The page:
and they would keep In constant train
ing and practice for It. Discipline would
be possible to the greatest degree. It
Is my opinion that If couucllmen will
make an Investigation of the mntter
they will arrive at the conclusion that
a paid fire department will aid ma
terially toward 'a better and greater
, IN COURT ROOM NO. 2.
Cows Not Within the Jurlslctlon of
Quarter Sessions Court.
"Quarter session court was not or
ganized for the purpose of finding out
if cows are gentle and well bred, and
the Justice of the peace who sent this
case here should be compelled to pay
the costs," said Judge Gunster In court
room No. 2 yesterday afternoon. He
was commenting on the case of Thomas
Gurrlgal, who was charged by Mrs;
Bridget Burke with obtaining money
under faUe pretenses.
. Mrs. Burke resides at Dunmore. She
negotiated with Garrlgal for the pur
chase of a cow ho w&n tho ownSr o
and was assured that the animal wan
quiet, well behaved and sound In every
particular. Mrs. Burke was the owner
of the cow but a short time when she
discovered that It was far from being
what It was represented to be, and she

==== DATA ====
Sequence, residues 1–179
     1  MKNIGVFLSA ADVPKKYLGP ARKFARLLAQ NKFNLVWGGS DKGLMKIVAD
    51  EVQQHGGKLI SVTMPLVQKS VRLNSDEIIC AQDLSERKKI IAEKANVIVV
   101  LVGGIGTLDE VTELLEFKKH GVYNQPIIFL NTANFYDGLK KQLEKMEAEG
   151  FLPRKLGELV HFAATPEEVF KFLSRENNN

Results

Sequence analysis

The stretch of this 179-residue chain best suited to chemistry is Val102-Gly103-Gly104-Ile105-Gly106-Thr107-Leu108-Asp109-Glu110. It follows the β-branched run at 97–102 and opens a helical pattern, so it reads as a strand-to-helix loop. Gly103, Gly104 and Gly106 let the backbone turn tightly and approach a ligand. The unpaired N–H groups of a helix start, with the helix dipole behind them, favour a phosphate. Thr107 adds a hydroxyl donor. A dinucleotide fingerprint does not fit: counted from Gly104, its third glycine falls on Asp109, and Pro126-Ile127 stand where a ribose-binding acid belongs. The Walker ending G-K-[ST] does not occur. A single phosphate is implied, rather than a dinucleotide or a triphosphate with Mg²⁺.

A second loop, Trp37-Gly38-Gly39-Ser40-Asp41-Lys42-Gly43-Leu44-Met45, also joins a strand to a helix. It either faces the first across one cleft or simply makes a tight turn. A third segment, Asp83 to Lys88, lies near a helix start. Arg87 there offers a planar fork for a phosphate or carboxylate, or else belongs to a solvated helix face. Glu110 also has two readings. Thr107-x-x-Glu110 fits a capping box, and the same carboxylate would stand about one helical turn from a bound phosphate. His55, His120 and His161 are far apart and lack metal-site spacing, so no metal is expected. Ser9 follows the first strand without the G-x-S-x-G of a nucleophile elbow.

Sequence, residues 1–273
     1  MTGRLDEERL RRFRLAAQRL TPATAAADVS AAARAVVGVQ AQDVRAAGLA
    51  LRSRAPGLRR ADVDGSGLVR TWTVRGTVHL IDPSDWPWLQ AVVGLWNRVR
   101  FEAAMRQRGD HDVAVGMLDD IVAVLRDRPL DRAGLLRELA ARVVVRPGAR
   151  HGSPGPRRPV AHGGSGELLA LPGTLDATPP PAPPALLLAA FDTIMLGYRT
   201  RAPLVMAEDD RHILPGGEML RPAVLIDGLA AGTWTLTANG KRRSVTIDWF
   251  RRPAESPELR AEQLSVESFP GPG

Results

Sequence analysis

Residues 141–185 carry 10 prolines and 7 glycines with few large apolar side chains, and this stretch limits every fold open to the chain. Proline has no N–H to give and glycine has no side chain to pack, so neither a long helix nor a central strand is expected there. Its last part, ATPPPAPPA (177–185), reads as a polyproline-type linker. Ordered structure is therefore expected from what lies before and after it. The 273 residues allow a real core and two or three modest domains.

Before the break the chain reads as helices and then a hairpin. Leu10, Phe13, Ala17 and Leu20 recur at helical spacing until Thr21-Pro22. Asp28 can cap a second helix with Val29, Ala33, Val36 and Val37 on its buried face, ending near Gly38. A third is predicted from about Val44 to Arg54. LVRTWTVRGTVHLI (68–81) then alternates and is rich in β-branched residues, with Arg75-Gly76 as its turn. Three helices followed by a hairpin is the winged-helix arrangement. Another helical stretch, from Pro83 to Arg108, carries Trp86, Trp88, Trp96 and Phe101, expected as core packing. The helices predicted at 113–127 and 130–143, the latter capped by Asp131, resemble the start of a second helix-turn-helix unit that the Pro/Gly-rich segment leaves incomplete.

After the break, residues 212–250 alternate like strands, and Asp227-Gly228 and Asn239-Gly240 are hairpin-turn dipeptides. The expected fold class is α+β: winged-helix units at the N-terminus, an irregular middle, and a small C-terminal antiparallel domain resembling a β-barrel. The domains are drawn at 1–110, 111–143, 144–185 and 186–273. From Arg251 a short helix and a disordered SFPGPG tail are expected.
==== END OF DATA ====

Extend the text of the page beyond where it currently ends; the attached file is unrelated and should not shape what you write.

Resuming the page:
had Garrlgal arrested and bound over
to appear at court.
" When the case was callejl yeterdqy
Attorney Joseph O'Brien, who ap
peared for the prosecution, said lie did
not think a conviction could be scoured
under the Indictment and suggested
that a verdict of not guilty be tak?n
and the costs placed on the county.
It Would Be Idle.
'It would be Idle to go to trial on
such an Indictment," declared Judge
Gunster. "The costs will have to be
placed on the county, though the Jus
tice of peace who sent the case here is
tho person who should pay them." A
verdict of not guilty was taken and
the costs plttced on the county.
In the case of Mrs. Lizzie Stiles, of
Carbondule, charged by Mrs. Annie' E.
Mann with keeping a bawdy house, a
verdict of not guilty was returned and
the defendant directed to nay two-
thrdH of costg and the proawuBo
Hubert Jones plead guilty to a charge
of defraudtng. boarding house keepers
preferred by Nicholas Jenkins, and was
sentenced to pay a fine of $1, costs and
spend ten days in the county Jail.
Charles White, who was convicted